We recieved a great question that illustrates one of those cross cultural misconceptions.Â
A visitor asked:
"...do both people need to be believers in Jesus or can one be Jewish and the other not?"Â
It illustrates why Jews and Gentiles have so much trouble discussing the issue of faith.
I don't know about you, but when I grew up the world was easily defined as "we/us" and "them."Â Of course "we/us" means the Jews. "Them" was the "goyim" or "Christians." Trouble is, those two words describe two distinct categories in themselves. "Goyim" simply means "Gentiles" or non-Jews. "Goyim" would be the most accurate antonym of "Jews."
However, not all Goyim are Christians. In fact a lot of Gentiles do not believe in Jesus. However, since the overwhelming population of Christians don't appear to be Jews, the term has become a Jewish cultural synonym for Goyim . Fact is, no Jew can be aÂ Gentile due to the sheer ethnic distinction. However, by contrast Gentiles and Jews can believe whatever spiritual truth they want without injuring their DNA or ethnic lineage. The term "Christian" simply means "Messiah's follower." In the beginning of that faith, the majority were Jews. Gentiles followed the path and eventually overwhelmed the Jewish number of Messianic believers. Today Gentiles believe in the Messiah (Jesus) in the main, but so do a few ethnic Jews.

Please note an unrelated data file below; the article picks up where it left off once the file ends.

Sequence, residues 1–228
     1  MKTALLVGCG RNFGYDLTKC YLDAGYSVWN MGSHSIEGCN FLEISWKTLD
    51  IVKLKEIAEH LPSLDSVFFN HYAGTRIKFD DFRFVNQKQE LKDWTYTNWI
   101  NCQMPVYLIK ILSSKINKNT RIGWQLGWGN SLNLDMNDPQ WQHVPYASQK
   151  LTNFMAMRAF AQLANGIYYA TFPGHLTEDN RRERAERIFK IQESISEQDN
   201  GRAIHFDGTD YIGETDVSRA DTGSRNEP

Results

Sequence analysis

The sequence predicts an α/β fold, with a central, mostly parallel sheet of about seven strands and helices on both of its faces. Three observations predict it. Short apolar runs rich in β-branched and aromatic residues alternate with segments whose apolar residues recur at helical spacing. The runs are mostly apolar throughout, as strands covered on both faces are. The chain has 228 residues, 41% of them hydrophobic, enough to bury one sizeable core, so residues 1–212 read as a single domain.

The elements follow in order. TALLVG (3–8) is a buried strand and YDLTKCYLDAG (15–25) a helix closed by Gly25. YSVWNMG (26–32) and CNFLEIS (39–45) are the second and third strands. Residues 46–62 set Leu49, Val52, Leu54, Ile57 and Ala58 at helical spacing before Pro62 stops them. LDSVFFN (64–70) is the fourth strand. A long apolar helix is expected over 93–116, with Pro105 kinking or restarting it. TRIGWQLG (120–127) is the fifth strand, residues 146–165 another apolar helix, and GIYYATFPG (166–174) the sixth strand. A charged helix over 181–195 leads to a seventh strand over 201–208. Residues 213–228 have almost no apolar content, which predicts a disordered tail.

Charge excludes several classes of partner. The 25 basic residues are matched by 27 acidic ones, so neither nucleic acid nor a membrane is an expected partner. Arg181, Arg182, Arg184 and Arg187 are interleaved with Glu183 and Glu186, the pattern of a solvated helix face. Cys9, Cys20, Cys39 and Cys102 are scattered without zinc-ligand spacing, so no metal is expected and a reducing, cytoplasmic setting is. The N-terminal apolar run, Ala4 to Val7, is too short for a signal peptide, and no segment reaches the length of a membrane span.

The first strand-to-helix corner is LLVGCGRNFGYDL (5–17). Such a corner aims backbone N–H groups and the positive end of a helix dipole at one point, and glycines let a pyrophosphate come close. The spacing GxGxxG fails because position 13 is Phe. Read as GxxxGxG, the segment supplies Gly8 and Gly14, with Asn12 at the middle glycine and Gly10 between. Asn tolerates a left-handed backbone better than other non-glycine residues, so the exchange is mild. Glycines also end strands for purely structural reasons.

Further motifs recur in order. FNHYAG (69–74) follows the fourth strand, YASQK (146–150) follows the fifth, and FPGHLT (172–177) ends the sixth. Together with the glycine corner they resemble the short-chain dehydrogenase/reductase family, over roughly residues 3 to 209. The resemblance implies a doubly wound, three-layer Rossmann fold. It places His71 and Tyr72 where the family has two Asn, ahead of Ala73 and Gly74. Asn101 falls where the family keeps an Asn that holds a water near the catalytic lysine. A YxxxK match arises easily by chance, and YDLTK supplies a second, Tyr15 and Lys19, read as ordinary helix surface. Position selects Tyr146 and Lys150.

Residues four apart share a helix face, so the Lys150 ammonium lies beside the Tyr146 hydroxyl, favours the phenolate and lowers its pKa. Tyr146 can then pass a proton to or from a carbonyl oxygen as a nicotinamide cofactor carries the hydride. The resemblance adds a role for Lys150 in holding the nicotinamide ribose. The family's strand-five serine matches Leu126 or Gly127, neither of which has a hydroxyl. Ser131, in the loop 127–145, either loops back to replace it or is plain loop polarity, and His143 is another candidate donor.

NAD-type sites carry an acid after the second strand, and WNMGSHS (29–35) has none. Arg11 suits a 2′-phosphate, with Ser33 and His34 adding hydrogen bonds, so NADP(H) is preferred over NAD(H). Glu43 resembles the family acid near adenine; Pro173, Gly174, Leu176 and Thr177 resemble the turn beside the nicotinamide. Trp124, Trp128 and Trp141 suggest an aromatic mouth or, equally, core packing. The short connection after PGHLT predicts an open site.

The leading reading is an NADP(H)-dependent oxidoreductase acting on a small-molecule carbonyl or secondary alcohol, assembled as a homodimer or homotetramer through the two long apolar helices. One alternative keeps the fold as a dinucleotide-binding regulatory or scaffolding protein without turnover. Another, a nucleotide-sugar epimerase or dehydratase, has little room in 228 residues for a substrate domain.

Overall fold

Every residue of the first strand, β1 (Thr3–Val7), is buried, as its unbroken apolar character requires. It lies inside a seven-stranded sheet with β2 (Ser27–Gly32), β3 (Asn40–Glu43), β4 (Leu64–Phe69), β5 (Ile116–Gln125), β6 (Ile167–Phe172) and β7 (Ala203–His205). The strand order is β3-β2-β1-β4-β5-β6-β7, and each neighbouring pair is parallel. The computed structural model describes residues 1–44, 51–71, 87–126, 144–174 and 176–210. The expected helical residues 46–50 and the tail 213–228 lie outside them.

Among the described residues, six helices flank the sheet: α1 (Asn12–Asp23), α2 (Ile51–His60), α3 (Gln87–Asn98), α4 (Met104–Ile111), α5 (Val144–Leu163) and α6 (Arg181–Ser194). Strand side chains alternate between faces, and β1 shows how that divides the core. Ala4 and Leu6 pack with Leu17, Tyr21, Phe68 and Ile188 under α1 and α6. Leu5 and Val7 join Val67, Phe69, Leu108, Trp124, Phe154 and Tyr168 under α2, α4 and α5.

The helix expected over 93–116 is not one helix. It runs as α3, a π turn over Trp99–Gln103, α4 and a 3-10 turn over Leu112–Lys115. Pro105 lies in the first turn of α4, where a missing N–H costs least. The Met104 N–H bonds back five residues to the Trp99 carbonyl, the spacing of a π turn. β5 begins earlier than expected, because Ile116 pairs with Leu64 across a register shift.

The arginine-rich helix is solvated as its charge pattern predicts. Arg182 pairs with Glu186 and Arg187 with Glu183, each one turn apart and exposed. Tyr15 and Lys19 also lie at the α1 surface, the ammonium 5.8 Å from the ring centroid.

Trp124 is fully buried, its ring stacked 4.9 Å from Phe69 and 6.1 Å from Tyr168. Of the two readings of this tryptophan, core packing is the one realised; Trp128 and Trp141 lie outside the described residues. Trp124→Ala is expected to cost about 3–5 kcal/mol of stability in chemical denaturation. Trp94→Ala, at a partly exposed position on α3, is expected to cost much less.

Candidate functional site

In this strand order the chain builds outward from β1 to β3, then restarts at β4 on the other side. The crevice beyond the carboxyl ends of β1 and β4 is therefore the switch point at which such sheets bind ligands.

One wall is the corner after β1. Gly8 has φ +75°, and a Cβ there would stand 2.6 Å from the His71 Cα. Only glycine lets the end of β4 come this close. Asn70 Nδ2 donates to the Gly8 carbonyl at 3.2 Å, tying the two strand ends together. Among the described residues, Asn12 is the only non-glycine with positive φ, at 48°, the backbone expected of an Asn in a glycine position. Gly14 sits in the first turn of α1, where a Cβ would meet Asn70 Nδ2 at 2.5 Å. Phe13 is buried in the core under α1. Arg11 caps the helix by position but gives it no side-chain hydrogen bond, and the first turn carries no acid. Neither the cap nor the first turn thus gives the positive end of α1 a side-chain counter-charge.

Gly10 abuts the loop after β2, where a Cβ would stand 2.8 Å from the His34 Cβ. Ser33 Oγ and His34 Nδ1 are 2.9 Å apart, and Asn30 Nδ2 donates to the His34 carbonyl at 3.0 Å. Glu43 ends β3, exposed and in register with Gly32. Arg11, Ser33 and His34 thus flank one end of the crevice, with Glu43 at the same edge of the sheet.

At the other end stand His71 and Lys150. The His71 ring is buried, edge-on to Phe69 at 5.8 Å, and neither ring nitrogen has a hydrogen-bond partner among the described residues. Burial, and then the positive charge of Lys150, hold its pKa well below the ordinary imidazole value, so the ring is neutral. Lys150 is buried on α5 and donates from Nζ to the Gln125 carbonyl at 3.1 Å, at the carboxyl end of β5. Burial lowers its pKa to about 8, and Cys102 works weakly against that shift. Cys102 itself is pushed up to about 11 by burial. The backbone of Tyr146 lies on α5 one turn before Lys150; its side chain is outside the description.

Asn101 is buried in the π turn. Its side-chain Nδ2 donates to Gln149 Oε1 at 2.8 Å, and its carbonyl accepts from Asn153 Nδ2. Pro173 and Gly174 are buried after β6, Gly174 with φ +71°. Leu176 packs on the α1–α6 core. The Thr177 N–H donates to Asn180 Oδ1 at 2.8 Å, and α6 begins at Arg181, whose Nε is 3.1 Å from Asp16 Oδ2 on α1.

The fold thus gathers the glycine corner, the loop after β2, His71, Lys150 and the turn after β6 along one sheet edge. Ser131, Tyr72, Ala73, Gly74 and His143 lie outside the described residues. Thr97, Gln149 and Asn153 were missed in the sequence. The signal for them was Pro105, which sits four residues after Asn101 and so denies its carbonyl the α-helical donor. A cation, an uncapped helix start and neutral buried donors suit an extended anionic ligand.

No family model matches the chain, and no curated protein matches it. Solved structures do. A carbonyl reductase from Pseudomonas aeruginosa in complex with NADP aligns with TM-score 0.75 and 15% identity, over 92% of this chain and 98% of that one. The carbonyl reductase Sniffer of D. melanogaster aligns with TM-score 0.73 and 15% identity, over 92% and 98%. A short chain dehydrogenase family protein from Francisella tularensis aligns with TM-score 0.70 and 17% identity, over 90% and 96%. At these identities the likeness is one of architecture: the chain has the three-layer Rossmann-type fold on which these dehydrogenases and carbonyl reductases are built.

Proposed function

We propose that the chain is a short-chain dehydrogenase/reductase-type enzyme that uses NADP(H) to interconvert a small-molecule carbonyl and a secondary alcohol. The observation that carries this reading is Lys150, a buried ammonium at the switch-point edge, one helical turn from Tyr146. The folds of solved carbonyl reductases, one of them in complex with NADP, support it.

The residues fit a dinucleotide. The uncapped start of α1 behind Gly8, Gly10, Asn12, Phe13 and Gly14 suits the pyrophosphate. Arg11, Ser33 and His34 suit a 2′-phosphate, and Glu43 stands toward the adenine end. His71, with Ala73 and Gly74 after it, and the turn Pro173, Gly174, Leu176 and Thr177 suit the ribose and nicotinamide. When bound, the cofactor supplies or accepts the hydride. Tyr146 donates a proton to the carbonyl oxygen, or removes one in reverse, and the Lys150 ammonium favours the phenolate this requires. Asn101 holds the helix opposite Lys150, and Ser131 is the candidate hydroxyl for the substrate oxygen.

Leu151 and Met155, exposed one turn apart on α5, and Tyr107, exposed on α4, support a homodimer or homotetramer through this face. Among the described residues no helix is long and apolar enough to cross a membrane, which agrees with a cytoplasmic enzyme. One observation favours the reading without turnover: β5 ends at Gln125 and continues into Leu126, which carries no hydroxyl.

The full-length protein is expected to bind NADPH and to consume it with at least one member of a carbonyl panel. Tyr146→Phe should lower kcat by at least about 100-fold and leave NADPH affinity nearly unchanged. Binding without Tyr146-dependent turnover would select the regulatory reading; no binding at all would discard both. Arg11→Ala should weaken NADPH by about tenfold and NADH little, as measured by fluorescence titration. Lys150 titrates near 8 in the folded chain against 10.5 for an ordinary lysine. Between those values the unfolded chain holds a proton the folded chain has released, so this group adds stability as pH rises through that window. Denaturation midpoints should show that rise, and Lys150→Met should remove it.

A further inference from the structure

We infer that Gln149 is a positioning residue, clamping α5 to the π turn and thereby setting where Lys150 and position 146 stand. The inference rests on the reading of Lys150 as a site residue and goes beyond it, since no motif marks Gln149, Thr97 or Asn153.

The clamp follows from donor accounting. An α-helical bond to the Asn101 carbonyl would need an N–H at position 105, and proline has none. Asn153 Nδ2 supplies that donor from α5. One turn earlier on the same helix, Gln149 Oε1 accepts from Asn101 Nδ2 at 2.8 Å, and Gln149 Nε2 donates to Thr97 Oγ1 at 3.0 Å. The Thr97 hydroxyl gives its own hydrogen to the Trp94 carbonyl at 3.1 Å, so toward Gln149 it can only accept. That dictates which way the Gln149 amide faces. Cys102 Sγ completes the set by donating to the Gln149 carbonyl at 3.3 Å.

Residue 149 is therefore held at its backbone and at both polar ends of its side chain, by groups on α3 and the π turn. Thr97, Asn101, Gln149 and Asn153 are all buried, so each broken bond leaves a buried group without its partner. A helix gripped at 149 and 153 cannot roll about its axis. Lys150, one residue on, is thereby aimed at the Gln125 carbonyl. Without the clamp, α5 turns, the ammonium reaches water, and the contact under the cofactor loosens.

Under the glassary of terms section on FAQs, I defined the terms that are used in the web site. Ethnically speaking, there are Jews and non-Jews (or Gentiles). In terms of belief, Messianic faith is an option that is open to anyone, Gentile or Jew. By implication, ethnic identity is not impinged upon by what someone believes. Shabbatai Zvi, though he converted to Islam, was always considered a Jew (though an apostate) and, on the other hand, Ruth was always regarded a Moabite even though she turned (converted) to the God of Abraham, Isaac and Jacob.
I do believe that spiritual harmony can be found and mutually experienced by a couple, even when one is a Jew and the other is a Gentile. I am convinced that a shared joint awareness of the one true God of Israel is the basis for that spiritual intimacy. One Jew, and always a Jew, joined with one Gentile by a common faith in one true God.
So, you will find a discussion about "Spiritual Harmony" here.